Do you Hire on Skills and Fire on Attitude?


That’s a big question because the answer is not a simple yes or no, it is as one would expect, somewhere in between. Having said that, the traditional staff selection process relies heavily on the facts about the job applicant, their skills, qualifications and experience when perhaps it should be leaning more towards their attitudes and behaviours.

Let’s paint the picture first and then look at what can be done to find and attract sufficient applicants and then check that they are suitable for working in the care sector and are likely to stay, develop and get on.

The overall social care workforce is growing to meet increasing demand and currently stands at about 1.5m and is predicted to reach 2.6m by 2025. There is an ongoing shortfall of staff of about 8% with a turnover of about 30% in the first 2 years of employment. The shortfall suggests an unmet delivery of care to meet peoples’ needs and the high turnover suggests that recruitment practices are not finding and keeping staff with the right values to sustain them in their jobs. Both have an influence on quality. Staff turnover also costs money in recruitment and agency staff costs to fill the gaps.

When we talk about attitudes or values in the care sector we mean things like compassion, respect, empathy, integrity, adaptability, imagination, courage and treating people with respect. So, how can you give more priority to values and less to skills. Courage is needed to do this but it has to start with the commitment to do so. Thereafter, the process will need to lead with understanding peoples’ values, starting with the job advertisement that asks candidates to evidence their behaviours. Here is an example:

Job title:                                           Contract:                                 Salary/leave:


We are [xxxx], a residential care service in [yyyy] for older people, some of whom have dementia. We are looking for Support Workers who can demonstrate compassion and empathy in their approach to caring for older people, either through previous roles in social care or in other roles. You will be providing personal care to residents, as well as supporting them to take part in a wide range of activities, including arts and crafts, drama, musical evenings, gardening, shopping trips and social occasions. Can you show us how you would treat our residents, for whom our home is their home, with the dignity and respect they have a right to expect? If you have the right values for our organisation, you will be supported by a programme of continuous training and development. If this sounds like the right opportunity for you, or to find out more, please call [xxxxx] or complete your application at [ www.xxxxx]. Closing date for applications:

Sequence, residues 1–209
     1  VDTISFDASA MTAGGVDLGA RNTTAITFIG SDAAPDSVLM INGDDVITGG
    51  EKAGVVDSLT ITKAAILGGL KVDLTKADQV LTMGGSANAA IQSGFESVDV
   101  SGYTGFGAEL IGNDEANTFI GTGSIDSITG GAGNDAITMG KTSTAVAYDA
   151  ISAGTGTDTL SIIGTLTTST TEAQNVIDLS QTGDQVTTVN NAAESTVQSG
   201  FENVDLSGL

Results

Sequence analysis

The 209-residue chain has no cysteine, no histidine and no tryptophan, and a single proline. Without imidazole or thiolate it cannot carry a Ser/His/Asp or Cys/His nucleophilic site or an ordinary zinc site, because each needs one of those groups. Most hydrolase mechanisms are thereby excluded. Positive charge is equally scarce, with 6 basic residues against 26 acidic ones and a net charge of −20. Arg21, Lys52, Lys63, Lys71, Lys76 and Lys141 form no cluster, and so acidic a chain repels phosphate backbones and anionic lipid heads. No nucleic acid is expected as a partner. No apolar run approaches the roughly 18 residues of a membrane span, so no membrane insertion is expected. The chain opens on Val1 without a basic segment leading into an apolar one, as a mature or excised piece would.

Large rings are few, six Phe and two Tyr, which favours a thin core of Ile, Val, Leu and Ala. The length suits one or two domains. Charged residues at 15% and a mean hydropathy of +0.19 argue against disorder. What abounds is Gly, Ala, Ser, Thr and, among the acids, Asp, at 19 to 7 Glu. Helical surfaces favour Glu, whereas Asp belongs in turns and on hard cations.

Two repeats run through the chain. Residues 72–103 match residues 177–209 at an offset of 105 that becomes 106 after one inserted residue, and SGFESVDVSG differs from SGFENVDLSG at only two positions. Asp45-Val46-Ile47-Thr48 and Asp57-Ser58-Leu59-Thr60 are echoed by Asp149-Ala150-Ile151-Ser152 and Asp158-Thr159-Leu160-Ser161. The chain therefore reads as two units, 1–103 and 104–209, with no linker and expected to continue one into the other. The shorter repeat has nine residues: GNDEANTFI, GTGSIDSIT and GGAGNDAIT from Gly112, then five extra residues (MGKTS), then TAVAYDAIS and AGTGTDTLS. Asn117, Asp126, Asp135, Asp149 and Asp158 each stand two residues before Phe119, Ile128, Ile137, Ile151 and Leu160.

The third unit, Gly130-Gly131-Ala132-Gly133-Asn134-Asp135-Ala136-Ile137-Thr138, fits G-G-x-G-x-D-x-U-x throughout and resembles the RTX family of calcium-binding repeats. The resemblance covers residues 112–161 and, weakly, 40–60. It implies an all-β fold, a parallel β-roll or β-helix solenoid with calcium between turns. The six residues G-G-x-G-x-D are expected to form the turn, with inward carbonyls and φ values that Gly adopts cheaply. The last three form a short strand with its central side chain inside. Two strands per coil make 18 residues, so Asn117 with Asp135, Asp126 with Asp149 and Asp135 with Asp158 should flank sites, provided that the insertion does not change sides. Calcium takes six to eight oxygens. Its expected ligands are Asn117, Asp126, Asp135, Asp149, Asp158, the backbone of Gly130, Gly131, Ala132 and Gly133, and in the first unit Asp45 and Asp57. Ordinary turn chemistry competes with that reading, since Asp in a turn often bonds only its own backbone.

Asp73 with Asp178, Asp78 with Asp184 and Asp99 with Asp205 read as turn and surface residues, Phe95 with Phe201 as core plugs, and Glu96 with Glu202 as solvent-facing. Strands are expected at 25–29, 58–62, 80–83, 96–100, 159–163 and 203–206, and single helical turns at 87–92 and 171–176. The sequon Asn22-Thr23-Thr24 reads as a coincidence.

Then develop questions for the job interview that discover peoples’ values, firstly by using a personality profiling questionnaire (this can be done online at the start of the interview) and then following up with pre-prepared ‘what, when, where, how and why’ questions based on the result of the ‘test’. Thereafter, the ‘w’ questions can be developed around the values listed above.


In this way, the emphasis towards understanding peoples’ values at the beginning of the recruitment process can lead towards more sustainable decisions on employment, longer serving employees, lower recruitment costs and much better outcomes for service users. Staff, in particular can feel more secure in the knowledge that their values are respected and these can carry them through a career pattern that supports excellence in practicing those values. Service users will find that they no longer have to live in highly structured environments but rather more dynamic, fluid and responsive settings that meets both their needs and expectations. Everyone wins.



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